Since the 800th anniversary of Magna Carta last year I have read a few books about it but this was definitely by far the best! It really set the issue of Magna Carta in its historical context so you could understand how it came about. Even better than that, though, was the author's assessment of John himself and discussion of whether he was as cruel as we are led to believe. I felt it was written very fairly and objectively and I liked how he explained why he had chosen to give more or less weight to various sources. After reading this I felt that I had a much better grasp of the whole period and the abuses which led to Magna Carta. It did make me question how monarchy could ever have survived! If you are interested in Magna Carta and this period of history, I can't recommend this book highly enough.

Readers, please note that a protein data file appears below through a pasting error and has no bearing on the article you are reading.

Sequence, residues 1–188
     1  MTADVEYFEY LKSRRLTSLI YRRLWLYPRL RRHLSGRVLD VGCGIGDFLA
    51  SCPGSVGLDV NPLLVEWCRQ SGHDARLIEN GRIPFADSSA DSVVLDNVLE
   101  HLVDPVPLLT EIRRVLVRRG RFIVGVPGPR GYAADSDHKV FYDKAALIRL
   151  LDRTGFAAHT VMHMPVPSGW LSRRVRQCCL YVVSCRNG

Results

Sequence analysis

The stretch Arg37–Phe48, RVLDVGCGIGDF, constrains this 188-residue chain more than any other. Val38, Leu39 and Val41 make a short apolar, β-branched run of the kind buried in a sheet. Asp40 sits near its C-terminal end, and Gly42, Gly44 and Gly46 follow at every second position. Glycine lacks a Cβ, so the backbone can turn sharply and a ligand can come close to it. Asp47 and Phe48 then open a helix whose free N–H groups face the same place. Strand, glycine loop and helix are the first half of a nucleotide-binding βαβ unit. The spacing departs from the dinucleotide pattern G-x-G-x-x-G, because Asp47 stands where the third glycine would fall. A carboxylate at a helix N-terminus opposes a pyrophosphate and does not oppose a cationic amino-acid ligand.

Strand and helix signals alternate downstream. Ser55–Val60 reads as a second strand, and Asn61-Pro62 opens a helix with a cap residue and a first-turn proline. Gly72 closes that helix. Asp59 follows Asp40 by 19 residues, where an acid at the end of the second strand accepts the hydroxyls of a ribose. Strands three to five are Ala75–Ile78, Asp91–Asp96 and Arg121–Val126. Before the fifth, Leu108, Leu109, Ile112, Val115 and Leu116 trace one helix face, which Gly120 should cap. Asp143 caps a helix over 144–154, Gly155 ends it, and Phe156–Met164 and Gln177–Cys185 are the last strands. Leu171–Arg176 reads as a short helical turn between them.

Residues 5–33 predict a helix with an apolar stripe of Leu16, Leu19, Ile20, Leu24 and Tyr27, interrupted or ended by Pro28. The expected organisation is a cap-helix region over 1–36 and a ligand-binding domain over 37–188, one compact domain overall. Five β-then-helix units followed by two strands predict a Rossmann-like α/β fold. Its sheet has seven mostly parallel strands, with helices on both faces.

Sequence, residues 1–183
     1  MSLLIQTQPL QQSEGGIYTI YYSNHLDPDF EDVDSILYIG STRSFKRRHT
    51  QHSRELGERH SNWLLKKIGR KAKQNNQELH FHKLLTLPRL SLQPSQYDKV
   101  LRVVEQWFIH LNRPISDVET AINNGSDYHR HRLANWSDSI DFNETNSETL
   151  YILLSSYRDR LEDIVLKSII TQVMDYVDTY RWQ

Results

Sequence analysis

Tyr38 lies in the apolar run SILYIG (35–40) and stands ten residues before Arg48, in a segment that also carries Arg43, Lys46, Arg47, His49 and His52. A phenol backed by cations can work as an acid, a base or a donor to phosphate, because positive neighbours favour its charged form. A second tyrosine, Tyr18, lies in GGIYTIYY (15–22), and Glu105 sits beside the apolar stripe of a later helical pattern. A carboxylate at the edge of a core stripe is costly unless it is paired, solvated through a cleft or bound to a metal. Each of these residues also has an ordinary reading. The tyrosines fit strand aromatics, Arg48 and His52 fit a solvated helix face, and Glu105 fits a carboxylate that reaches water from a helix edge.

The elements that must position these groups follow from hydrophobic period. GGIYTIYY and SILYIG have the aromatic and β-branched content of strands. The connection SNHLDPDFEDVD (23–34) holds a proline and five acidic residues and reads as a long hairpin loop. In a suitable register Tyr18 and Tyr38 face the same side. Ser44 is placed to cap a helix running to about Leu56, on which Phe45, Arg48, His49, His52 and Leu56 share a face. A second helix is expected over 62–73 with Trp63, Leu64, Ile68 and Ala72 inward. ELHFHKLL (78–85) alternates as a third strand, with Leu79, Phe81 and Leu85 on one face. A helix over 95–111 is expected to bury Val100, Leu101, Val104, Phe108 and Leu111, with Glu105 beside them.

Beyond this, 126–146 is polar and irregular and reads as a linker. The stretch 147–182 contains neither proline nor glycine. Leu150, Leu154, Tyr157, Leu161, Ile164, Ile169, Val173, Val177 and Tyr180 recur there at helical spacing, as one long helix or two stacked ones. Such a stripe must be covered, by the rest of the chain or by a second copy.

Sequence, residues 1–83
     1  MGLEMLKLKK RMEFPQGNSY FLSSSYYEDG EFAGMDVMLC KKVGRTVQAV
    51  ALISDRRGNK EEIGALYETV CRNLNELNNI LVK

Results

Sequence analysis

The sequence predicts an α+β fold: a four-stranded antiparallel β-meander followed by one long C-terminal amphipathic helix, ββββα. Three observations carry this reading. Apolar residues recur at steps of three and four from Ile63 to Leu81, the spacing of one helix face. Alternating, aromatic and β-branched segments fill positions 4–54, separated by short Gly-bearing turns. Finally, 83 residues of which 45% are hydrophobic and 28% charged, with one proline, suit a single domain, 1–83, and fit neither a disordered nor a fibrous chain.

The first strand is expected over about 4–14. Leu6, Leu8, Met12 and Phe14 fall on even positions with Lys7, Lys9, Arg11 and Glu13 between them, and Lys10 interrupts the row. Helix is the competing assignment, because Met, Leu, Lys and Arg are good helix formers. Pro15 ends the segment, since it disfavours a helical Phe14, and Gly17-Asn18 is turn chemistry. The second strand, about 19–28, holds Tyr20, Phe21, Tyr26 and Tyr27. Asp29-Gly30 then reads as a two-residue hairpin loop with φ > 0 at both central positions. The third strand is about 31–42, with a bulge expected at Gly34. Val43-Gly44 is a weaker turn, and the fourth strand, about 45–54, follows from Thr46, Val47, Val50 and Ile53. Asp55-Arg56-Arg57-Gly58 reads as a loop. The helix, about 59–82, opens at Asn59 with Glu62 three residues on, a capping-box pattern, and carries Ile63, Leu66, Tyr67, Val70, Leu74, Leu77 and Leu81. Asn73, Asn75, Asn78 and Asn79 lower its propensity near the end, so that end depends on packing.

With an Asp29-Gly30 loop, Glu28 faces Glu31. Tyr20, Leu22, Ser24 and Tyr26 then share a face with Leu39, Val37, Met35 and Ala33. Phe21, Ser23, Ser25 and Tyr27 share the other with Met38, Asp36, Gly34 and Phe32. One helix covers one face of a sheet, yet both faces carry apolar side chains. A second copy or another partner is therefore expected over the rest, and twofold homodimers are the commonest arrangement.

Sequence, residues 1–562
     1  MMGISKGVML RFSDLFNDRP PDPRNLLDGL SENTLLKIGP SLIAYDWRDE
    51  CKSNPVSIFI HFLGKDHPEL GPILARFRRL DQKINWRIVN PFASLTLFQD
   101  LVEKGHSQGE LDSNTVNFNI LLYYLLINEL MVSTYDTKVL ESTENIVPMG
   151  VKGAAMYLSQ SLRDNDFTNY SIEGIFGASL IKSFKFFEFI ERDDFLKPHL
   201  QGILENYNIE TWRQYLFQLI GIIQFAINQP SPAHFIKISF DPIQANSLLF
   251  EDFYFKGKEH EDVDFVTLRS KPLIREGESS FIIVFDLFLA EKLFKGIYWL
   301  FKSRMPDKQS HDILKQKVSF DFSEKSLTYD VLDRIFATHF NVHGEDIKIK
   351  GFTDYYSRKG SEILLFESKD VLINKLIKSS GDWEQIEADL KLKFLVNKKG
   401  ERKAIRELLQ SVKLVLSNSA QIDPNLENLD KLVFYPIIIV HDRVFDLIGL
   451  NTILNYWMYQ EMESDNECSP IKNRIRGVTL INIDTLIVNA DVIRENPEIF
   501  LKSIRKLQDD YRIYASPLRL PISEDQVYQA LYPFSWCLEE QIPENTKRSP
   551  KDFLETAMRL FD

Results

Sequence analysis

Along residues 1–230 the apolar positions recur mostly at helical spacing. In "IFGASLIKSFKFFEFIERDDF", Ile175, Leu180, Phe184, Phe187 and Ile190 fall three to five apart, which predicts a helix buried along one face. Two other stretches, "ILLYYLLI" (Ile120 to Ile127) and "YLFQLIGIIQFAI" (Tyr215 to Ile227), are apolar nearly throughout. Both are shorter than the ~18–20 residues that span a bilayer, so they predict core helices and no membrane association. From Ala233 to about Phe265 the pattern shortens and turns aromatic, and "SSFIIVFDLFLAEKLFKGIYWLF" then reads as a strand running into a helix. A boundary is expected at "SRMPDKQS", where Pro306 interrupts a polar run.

Change name to Vash
Deeply informative and interesting, especially in this year of Magna Carta commemoration. Well written and read but suffers from being a bit ponderous at times.
Shed End Girl
Yes, but I'd read it myself rather than have an audio book
His voice was quite dull ... I'm sure he can't change his speaking voice, but I'd have liked the book to sound more exciting and less like a dull lecture.
A fascinating history of his reign. Reality being so gripping that one wonders why film makers find it necessary to rewrite & invent.
Brilliantly written, furthermore the narration truly enhanced the enjoyment of this book.
Must add history is not my first pick of favourite genre ; nevertheless I would strongly recommend this audio book. Greatly enjoyed it from beginning to end.
I feel rather hopeless not to have finished the book, but after the description of Matilda de Briouze's death, felt I had probably reached the climax of Bad King John's doings and gave up before the Magna Carta.